Some evangelical Christians have condemned recent remarks made by Franklin Graham, president and CEO of relief organization Samaritan's Purse and of his father's Billy Graham Evangelistic Association, expressing concern that the minister is distorting the message of Christianity and promoting fear of those who follow Islam by saying the U.S. is "under attack by Muslims" and "all Muslims" should be banned from immigrating to the U.S.
"Yesterday Franklin Graham said really awful things about Muslims. If he knew the Muslim men and women I know, he would NEVER say such things," Lynne Hybels, of Willow Creek Community Church and a social justice activist, wrote July 18 on Twitter.
Carl Medearis, an author and "international expert in Arab-American and Muslim-Christian relations," tweeted an open letter to Graham, calling the 63-year-old minister's remarks "harsh" and "unhelpful."
"This is Christian witness?" Helen Lee, associate editor at InterVarsity Press, asked in relation to Graham's remarks.
Greg Jao, vice president and director of Campus Engagement for InterVarsity/USA," wrote: "As an evangelical and American, I strongly reject @Franklin_Graham's proposal. Horrified over 134K people can like it."
Brian Zahnd, an author and pastor of Word Life Church, said Graham's remarks reflected "xenophobia."
Tim Sweetman, a writer and blogger, called the Southern Baptist-ordained minister's remarks "despicable" and said they were counter to "Christian love" and "American freedom."
The remarks in question were made by Graham on July 17 on his Facebook page, where he frequently posts personal commentary on current events and hot-button issues, such as the recent undercover video of a Planned Parenthood executive discussing the harvesting of baby body parts and President Barack Obama's response to the U.S. Supreme Court ruling on same-sex marriage.
"Four innocent Marines (United States Marine Corps) killed and three others wounded in #Chattanooga yesterday including a policeman and another Marine — all by a radical Muslim whose family was allowed to immigrate to this country from Kuwait," Graham wrote in his edited Facebook post.
The ordained minister and frequent Fox News guest was referring to Muhammad Youssef Abdulazeez, a Kuwaiti-born Tennessee resident who fatally shot four Marines in July 16 attacks on two military facilities in Chattanooga. A Navy sailor wounded by Abdulazeez eventually died from his injuries.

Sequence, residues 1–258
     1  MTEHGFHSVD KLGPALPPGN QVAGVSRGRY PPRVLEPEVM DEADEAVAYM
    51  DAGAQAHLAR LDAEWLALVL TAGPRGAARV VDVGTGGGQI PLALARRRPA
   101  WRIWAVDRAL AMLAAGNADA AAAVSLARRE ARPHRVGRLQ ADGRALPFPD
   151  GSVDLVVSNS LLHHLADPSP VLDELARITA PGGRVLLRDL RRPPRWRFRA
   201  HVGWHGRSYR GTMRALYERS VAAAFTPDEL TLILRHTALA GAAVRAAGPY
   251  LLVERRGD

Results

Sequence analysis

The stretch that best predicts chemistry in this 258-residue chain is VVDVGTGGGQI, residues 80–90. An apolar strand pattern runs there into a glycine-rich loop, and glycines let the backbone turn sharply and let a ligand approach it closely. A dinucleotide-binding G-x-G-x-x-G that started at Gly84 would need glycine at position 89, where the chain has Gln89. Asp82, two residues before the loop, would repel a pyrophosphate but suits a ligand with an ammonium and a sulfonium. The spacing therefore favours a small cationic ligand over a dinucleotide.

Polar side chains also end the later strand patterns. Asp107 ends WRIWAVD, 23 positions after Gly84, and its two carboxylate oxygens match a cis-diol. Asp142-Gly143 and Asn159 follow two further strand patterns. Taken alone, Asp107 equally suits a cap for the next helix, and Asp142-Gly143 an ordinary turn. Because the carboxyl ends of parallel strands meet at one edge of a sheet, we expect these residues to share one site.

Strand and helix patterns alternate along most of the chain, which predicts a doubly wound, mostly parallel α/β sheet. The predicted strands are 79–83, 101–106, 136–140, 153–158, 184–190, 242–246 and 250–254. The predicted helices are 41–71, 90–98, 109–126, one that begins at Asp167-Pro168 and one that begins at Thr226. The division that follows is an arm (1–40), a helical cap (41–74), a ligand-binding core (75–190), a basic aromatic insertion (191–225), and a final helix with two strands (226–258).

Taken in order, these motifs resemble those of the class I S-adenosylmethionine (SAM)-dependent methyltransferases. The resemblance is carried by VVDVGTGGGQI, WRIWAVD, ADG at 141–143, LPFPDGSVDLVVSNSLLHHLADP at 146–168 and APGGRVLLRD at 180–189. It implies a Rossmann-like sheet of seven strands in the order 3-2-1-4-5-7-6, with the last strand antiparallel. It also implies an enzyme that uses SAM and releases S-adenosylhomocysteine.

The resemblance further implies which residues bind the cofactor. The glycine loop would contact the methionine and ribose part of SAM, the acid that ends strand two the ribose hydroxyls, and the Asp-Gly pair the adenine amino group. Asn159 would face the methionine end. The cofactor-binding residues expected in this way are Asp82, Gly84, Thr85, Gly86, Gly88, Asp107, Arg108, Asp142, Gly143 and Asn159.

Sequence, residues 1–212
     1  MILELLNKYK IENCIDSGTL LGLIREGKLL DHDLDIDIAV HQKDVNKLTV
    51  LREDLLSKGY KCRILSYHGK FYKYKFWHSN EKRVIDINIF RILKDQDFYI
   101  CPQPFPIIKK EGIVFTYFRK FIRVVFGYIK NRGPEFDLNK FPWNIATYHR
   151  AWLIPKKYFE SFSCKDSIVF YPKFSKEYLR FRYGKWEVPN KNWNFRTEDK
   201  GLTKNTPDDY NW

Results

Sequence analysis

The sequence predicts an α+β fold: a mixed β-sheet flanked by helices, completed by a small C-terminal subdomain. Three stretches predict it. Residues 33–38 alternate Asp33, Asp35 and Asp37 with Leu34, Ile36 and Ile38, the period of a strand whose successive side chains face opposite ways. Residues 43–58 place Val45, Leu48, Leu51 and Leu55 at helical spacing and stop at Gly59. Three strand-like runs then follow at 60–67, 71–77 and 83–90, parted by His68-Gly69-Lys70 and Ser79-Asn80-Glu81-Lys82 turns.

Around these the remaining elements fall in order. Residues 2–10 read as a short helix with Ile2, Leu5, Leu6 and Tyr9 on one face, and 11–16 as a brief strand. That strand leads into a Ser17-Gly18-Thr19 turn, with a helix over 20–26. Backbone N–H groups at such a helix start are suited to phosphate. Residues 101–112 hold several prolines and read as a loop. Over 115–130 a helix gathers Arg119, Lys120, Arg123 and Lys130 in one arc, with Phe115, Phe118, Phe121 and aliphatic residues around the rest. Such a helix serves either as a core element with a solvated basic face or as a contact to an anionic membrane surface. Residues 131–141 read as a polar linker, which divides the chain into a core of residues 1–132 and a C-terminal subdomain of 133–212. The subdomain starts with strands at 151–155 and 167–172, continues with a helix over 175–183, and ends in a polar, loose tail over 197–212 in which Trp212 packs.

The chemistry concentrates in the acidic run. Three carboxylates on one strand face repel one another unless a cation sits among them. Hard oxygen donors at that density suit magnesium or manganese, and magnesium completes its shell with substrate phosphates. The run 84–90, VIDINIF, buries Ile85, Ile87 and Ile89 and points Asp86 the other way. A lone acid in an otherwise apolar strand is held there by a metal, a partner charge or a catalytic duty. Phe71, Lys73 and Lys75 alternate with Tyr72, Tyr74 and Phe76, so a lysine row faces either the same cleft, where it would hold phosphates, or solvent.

The FBI has not described the 24-year-old Muslim's violent act as terrorism and nor have investigators declared a motive for the attacks, which were denounced by the gunman's family and by members of the Muslim community in Chattanooga.
Abdulazeez, killed in a shootout with police, reportedly sent an Islamic verse about "declared war" hours before carrying out the attack. The gunman, who reportedly abused drugs and alcohol and suffered for years with depression, wrote in his diary about having suicidal thoughts and "becoming a martyr," ABC News reported.
"We are under attack by Muslims at home and abroad," Graham argued in his Facebook post about the shootings. "We should stop all immigration of Muslims to the U.S. until this threat with Islam has been settled. Every Muslim that comes into this country has the potential to be radicalized — and they do their killing to honor their religion and Muhammad."
Graham went on to tell his two million Facebook followers that the United States should consider how it treated Japanese and German immigrants during World War II as an example of how to handle emigrating Muslims today.
"During World War 2, we didn't allow Japanese to immigrate to America, nor did we allow Germans. Why are we allowing Muslims now? Do you agree? Let your Congressman know that we've got to put a stop to this and close the flood gates. Pray for the men and women who serve this nation in uniform, that God would protect them."
The Christian Post was not able to ask Graham what he would suggest government officials do with Muslims already residing in the U.S. However, in 1941, after Japan had bombed Pearl Harbor, then-President Franklin D. Roosevelt issued an executive order allowing for the mass incarceration of 120,000 citizens and legal permanent residents of Japanese ancestry due to fears of domestic spying. The U.S. government repented in 1988 of its illegal detention of Japanese Americans, reportedly half of whom were children.
A great many of those reading Graham's Facebook post calling for a prohibition of Muslim immigrating to the United States presumably agreed with the Christian minister's suggestions, as the social network indicated that more than 166,000 people have "liked" his post as of press time.